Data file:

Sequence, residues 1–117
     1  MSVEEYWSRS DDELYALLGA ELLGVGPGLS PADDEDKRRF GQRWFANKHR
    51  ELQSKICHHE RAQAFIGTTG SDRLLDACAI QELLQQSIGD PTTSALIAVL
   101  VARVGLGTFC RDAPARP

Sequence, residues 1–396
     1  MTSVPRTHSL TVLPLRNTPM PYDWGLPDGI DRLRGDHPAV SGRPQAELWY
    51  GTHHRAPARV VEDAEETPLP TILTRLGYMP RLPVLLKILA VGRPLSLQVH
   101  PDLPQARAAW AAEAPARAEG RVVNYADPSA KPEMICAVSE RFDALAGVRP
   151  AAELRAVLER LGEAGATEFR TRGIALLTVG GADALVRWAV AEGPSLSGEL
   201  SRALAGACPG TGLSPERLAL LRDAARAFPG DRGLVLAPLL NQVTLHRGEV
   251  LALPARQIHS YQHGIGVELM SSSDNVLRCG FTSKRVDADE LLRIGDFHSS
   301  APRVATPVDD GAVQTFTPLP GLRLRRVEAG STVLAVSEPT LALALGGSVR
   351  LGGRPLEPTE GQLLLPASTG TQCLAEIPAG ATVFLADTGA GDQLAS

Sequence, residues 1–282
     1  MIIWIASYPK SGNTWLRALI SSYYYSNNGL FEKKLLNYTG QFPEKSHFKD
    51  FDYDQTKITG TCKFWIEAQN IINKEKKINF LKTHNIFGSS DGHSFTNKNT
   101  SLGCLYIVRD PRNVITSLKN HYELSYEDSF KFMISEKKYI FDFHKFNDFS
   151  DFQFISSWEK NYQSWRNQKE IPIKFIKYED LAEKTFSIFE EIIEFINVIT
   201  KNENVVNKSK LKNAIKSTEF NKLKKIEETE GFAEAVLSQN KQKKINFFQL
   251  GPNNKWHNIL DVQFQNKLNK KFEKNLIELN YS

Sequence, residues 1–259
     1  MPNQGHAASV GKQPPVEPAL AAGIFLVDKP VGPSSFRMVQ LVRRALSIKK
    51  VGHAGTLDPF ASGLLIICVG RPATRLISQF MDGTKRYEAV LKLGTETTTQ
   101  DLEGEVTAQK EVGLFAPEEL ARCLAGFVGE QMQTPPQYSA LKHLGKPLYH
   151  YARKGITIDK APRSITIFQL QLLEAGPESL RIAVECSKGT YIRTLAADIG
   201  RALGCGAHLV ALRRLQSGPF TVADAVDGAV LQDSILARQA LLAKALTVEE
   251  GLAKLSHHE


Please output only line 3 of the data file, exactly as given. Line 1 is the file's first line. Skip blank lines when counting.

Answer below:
    51  ELQSKICHHE RAQAFIGTTG SDRLLDACAI QELLQQSIGD PTTSALIAVL